The Slow Sacred Texts of the Dying

photo credti: Macia Pevey

My sister sits daily at the bedsides of the dying.

She is a hospice chaplain. This is her job.

On a recent visit to a private residence, my sister was greeted by the 80-year-old daughter of a 104-year-old dying woman. The daughter, white-haired and stooped, opened the door and in a sing-song drawl called over her shoulder, “Mama, the preacher’s here,” a pronouncement that had my sister rubber-necking over her own shoulder looking for “the preacher” who had snuck in behind her.This geriatric announcement, “Mama, the preacher’s here,” while so funny on so many levels, is also so true. My sister is a preacher. She preaches from the slow, sacred texts of the dying’s last days.

This is what she preaches:

We need to fearlessly affirm. The dying shed all inhibitions. My sister, middle-aged and of normal attractiveness, has been told she’s beautiful by more patients than she can count. The approach of death has not affected these people’s eyesight; it’s affected their inhibition, shattering the veneer of decorum that has kept them from voicing their true feelings and thoughts. The words come forth in childlike innocence and honesty and are therefore the furthest thing from flattery because they are offered by those with nothing to lose or gain. My sister receives these words like the benedictions they are.

We need to connect at all costs. On one particular visit, my sister entered a hospital room to find the patient’s children hunched, each in his or her own chair, paralyzed in isolation and anxiety at the decline of their mother. My sister sat with them, holding their mother’s hand. Gently, she suggested that the patient’s 60-year-old daughter place her hand on her mother’s leg.It was a simple act, but in touching her mother, this grieving woman broke the spell that held her apart from the one she wanted to love. Soon she was massaging her mother’s feet as her siblings swapped stories from their childhood. One truly hilarious story involved a rabid squirrel, a garbage can, and a baseball bat. Soon they were weeping with laughter, the beauty of their connectedness restored by physical contact and their shared stories............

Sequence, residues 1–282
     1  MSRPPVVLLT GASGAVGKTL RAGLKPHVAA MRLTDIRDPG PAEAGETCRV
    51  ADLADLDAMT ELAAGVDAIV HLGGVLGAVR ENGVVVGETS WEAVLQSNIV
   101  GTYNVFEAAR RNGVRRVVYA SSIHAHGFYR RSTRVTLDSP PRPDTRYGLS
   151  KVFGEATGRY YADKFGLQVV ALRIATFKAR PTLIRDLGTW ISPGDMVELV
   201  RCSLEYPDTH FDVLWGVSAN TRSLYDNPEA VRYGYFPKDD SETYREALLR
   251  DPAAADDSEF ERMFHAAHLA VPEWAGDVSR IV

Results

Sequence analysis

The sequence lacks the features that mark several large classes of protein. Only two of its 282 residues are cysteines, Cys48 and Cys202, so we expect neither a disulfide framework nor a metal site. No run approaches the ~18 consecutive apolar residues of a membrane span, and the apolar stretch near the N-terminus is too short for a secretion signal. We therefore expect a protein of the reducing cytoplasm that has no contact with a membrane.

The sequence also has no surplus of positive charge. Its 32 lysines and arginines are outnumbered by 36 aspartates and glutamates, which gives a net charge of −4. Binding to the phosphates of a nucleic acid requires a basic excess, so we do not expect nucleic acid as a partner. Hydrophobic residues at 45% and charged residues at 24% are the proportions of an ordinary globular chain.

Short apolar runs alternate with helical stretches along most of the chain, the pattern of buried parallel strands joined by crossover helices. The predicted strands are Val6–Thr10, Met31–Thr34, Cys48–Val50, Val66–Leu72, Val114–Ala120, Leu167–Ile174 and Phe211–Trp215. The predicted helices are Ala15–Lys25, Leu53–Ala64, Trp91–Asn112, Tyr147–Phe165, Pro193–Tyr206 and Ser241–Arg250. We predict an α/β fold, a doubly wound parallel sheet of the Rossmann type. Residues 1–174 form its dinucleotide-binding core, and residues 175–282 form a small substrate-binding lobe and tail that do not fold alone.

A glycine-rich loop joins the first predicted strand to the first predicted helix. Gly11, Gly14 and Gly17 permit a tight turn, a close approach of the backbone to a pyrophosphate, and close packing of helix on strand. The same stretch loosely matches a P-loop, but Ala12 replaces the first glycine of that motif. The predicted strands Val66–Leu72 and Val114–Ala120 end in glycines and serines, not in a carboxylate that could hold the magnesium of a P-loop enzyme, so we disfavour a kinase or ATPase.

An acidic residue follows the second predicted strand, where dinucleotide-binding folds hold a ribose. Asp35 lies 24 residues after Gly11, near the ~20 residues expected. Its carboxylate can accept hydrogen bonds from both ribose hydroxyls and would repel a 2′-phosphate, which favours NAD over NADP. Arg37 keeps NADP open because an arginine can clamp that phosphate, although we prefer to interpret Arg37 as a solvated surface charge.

But wait, there's more! To read the rest of this post take a little jaunt over to Shelovesmagazine. The ending is just a click away.


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Getting Grounded

photo credit: Brooke McAllister
Happy Friday, Blog Chums!  I'm writing over at Sheloves.com again today. Click on the link at the end of this post to read the whole story...
A new friend walked with me through our garden. She pointed at the white cloth draped over a row of growing carrots. “What’s that white cloth for?” she asked.

“I don’t know,” I replied.

She looked at the garlic bed and remarked on how many green shoots there seemed to be. “How many varieties are you growing?” she asked.

“I don’t know,” I replied.

She pointed at a moth fluttering over the cauliflower. “Is that a good moth or a bad moth?” she asked.

“I don’t know,” I replied.

And then I crumpled to the ground.

“I don’t know, I don’t know, I don’t know,” I wailed, clutching my head with both hands and swaying dramatically on my knees. There might have been screechy violin music in the background. The sky might have turned black and the clouds rained blood.

And then I woke up...

Read the rest of this post at Sheloves


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Learning to Ripstick

photo credit: Steven Depolo
Hey ho, Blog Chums!

I'm pleased to announce that I've started blogging over at Sheloves.com as a regular monthly contributor. If you don't know about Sheloves, please check it out. This global community of women are writing wonderful things as they work to empower women and girls all over the world. Here's my post, Learning to Ripstick, from about a month ago:

It looks like a cross between a skateboard and a medieval instrument of torture. As a child I never went for skateboarding (nor medieval forms of torture, for that matter), so why at the ripe middle-age of 46 did I decide that Ripstiking would be my sport du jour?
The simple answer: because the kids on our community farm are mad for it. For the past three months our big circular driveway has been chalked with a complicated obstacle course, which the eight or so kids who’ve mastered the device weave through like Olympic slalom skiers...Read more at Sheloves.com

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